Will the capital to invest in net-zero plans be available?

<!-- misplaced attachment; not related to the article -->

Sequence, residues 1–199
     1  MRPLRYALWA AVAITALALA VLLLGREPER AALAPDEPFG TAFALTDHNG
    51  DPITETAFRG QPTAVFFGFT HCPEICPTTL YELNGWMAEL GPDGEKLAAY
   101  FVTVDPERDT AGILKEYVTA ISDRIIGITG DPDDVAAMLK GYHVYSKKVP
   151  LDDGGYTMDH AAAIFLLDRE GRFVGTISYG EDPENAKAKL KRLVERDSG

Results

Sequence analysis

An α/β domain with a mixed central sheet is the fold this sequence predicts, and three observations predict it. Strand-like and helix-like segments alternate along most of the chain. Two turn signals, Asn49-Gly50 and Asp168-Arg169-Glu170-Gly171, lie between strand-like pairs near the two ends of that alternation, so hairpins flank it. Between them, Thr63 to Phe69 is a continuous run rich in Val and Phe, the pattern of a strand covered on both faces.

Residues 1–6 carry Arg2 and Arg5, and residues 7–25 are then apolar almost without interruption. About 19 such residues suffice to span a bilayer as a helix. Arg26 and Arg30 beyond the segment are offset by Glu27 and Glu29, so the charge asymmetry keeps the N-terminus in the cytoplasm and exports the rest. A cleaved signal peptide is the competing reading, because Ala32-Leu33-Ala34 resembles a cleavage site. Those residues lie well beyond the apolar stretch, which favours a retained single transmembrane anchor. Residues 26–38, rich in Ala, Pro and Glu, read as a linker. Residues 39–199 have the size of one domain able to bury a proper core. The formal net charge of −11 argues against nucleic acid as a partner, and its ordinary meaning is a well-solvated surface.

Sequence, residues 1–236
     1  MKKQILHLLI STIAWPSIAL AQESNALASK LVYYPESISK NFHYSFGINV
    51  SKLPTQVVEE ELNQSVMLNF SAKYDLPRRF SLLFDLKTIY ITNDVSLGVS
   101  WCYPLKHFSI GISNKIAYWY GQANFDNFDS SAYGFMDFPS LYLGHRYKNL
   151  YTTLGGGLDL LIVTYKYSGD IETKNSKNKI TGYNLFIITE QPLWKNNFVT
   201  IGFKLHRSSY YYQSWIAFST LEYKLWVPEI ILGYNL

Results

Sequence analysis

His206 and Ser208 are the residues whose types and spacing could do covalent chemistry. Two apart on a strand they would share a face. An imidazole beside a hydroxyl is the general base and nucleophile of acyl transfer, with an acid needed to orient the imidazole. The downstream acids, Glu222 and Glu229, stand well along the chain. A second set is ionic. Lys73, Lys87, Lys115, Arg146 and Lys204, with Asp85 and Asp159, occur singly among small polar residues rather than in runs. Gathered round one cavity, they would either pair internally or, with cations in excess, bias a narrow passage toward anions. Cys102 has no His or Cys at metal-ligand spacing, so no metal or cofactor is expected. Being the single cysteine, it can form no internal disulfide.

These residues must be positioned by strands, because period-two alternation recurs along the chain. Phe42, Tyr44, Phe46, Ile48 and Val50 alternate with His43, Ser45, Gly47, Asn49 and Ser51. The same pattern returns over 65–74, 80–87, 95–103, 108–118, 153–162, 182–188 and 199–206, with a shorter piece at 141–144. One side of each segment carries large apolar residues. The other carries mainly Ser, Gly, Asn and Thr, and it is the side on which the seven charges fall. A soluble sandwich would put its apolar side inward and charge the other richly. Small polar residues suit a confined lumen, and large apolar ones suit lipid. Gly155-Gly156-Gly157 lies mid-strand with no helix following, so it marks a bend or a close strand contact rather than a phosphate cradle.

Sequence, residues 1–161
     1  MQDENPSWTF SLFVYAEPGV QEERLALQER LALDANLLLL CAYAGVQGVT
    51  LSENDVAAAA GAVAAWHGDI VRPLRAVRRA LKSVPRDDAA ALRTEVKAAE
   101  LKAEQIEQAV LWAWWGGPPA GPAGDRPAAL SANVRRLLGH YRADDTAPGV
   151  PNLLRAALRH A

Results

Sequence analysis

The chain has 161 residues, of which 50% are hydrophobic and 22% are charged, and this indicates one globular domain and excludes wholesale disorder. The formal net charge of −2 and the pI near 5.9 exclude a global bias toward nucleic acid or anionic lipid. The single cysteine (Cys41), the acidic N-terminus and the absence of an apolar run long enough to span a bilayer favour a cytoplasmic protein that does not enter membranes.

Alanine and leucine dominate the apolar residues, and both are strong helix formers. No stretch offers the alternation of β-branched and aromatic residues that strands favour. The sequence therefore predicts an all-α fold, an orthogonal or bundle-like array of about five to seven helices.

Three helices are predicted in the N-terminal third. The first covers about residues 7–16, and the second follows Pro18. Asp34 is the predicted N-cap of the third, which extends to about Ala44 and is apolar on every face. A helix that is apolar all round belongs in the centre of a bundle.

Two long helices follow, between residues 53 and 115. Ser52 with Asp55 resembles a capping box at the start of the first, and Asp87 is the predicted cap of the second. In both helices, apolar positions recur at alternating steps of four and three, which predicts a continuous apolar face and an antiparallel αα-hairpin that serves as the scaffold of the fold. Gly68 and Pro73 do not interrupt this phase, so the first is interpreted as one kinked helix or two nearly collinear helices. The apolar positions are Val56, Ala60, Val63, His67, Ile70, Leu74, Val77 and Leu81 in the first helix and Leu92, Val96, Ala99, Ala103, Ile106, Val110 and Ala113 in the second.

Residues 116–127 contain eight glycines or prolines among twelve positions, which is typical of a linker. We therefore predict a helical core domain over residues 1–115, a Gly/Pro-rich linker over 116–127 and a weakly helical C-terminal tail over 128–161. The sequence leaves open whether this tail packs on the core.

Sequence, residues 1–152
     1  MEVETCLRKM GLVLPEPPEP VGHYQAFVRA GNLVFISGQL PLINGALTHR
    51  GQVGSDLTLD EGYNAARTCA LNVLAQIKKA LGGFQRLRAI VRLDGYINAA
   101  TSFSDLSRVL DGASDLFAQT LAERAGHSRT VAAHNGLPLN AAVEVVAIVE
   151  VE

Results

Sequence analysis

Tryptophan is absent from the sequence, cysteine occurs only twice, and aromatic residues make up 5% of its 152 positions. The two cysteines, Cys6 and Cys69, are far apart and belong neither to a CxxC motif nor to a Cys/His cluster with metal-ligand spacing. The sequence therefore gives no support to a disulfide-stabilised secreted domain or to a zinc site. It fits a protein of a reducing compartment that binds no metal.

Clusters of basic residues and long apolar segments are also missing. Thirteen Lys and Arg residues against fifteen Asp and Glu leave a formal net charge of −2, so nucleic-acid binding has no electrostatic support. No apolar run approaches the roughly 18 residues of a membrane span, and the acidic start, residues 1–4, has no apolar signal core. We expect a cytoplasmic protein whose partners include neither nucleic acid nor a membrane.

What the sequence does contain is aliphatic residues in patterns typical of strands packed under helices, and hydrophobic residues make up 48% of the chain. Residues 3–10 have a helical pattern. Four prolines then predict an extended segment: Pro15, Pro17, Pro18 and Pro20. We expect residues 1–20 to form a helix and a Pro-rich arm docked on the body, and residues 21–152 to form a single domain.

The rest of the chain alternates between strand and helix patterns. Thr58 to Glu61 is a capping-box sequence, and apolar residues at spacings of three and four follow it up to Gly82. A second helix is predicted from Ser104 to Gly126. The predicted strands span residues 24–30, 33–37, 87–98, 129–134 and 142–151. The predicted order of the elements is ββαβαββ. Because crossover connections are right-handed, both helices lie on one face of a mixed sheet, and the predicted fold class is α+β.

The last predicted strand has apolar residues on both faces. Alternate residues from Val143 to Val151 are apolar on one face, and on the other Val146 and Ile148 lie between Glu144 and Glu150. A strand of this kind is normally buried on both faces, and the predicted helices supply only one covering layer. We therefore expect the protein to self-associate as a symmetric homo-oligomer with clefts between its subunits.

(Morningstar, Chicago, 9 November 2021) Capital critical to funding the greening of utilities and other industries makes the financial industry a key player in curbing global warming. At a global climate summit last week, big banks, institutional investors, insurance companies, and regulators announced that the amount of capital controlled by institutions [which claim to be] committed to net-zero initiatives now tops $130 trillion, up from $5 trillion in 2020, according to the Glasgow Financial Alliance for Net Zero. That is about equal to the $100 trillion to $150 trillion amount required to transform the economy to a net-zero by 2050, the group claims. Banks, insurers, pension funds, asset managers, export-credit agencies, stock exchanges, credit rating agencies, index providers, and audit firms have committed to achieving net-zero emissions by 2050 at the latest and plan to report progress and financed emissions annually. For now, the impact on the finance industry itself isn’t clear. Lenders will still be looking for a good return and are already funding projects “that provide an appropriate return". [i.e. they have to make money if they're going to save the planet] How different portfolio companies will reduce emissions can be fraught, as they are struggling with their own net-zero plans. Dan Dorman of Calvert notes that while many of the largest banks had already committed to decarbonizing their portfolios, his conversations with executives suggest “they really don’t have details [yet] about how to land this plane.” There is also some debate about whether the group is double-counting the money that it claims is available.